spacer
 
Advanced Search
Astrobiology Magazine Facebook  Astrobiology Magazine Twitter
A Large Tsunami Shock Wave on the Sun
09/25/11
Tsunamis this large don't happen on Earth. During 2006, a large solar flare from an Earth-sized sunspot produced a tsunami-type shock wave that was spectacular even for the Sun. Pictured above, the tsunami wave was captured moving out from active region AR 10930 by the Optical Solar Patrol Network (OSPAN) telescope in New Mexico, USA. The resulting shock wave, known technically as a Moreton wave, compressed and heated up gasses including hydrogen in the photosphere of the Sun, causing a momentarily brighter glow. The above image was taken in a very specific red color emitted exclusively by hydrogen gas. The rampaging tsunami took out some active filaments on the Sun, although many re-established themselves later. The solar tsunami spread at nearly one million kilometers per hour, and circled the entire Sun in a matter of minutes. Credit: NSO/AURA/NSF and USAF Research Laboratory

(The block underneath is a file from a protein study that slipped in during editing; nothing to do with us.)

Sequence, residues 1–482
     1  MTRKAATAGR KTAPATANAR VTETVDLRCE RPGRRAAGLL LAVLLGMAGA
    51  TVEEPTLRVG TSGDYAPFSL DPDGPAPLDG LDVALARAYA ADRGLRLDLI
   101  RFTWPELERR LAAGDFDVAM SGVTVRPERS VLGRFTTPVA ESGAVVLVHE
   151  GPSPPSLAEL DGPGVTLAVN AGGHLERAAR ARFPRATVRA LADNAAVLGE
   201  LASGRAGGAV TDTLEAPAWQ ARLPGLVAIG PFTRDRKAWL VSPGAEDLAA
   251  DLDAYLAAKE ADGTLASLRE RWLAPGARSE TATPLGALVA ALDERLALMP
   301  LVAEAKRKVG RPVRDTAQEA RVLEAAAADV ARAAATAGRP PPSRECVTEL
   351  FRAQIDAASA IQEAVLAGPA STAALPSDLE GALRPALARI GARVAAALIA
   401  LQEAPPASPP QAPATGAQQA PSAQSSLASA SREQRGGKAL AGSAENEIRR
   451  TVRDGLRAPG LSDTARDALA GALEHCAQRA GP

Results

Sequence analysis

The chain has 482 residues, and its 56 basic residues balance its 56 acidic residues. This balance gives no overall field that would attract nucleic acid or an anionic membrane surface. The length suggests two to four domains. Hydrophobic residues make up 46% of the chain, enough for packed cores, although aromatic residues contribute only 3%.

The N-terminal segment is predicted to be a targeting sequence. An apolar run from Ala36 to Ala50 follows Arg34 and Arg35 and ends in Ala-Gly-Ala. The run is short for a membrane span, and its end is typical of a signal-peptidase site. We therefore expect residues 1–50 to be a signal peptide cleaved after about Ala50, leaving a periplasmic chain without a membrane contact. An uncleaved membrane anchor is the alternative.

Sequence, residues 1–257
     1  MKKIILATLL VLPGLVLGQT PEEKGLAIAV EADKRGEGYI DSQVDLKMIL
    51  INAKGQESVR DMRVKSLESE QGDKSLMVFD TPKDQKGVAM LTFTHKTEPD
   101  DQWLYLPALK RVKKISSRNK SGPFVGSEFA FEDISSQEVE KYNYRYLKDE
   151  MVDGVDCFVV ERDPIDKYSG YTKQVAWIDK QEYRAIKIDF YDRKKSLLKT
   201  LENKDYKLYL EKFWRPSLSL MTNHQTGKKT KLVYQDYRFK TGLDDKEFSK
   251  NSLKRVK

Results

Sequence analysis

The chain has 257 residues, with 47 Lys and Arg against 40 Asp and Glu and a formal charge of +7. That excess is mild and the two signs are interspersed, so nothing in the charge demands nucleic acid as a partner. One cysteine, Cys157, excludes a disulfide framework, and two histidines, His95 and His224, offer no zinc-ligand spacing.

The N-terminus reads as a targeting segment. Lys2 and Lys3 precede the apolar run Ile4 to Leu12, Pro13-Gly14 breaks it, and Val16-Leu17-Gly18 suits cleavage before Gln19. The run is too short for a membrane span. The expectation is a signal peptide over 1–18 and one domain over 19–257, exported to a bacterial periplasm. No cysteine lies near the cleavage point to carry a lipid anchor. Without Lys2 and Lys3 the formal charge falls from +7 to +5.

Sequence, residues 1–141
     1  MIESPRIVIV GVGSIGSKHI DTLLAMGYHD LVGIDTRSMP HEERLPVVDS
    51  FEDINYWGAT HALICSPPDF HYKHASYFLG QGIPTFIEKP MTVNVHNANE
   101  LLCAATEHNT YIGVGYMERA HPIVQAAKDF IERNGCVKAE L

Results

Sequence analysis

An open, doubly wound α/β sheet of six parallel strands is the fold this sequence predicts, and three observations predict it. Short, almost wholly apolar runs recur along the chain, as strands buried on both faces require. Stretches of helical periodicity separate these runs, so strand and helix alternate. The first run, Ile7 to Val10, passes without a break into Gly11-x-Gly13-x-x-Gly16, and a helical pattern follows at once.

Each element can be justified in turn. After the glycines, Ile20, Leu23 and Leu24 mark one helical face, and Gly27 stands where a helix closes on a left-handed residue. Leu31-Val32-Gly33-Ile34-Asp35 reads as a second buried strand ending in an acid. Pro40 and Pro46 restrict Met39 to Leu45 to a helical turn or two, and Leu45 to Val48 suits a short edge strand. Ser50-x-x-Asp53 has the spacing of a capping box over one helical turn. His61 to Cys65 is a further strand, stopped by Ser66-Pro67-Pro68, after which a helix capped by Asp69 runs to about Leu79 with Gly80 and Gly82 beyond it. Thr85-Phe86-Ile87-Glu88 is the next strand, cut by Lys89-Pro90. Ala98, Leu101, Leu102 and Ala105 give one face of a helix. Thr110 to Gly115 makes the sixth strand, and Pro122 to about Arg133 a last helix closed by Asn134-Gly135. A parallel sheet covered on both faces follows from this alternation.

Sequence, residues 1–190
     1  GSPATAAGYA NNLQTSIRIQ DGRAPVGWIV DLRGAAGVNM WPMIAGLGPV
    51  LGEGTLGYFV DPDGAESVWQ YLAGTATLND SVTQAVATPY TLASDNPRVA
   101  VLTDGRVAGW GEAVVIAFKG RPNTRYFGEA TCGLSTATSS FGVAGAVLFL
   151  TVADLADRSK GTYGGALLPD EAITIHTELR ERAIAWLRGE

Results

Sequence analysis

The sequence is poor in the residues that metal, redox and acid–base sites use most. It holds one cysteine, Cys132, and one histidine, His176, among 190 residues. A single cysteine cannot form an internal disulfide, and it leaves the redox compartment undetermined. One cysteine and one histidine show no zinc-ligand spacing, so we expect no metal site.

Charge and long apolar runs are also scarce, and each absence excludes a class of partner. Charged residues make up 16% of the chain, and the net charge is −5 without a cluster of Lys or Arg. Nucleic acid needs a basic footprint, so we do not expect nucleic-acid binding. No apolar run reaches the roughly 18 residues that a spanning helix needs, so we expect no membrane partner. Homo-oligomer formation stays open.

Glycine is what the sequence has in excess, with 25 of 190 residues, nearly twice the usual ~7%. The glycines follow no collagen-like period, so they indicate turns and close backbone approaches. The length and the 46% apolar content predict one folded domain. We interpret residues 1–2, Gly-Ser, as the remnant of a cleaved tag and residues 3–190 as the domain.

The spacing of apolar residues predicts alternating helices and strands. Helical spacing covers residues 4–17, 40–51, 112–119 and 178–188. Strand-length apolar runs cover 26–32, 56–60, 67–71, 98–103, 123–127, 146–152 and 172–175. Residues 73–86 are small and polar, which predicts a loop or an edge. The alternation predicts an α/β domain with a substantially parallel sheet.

A Large Tsunami Shock Wave on the Sun
Add to My Astro


 

Previous | 691-700 | 701-710 | 711-720 | 721-730 | 731-740 | 741-750 | 751-760 | 761-770 | 771-780 | 781-790 | 791-800 | Next  

 

 

 

About Us
Contact Us
Links
Sitemap
Podcast Rss Feed
Daily News Story RSS Feed
Latest News Story RSS Feed
Learn more about RSS
Chief Editor & Executive Producer: Helen Matsos
Copyright © 2014, Astrobio.net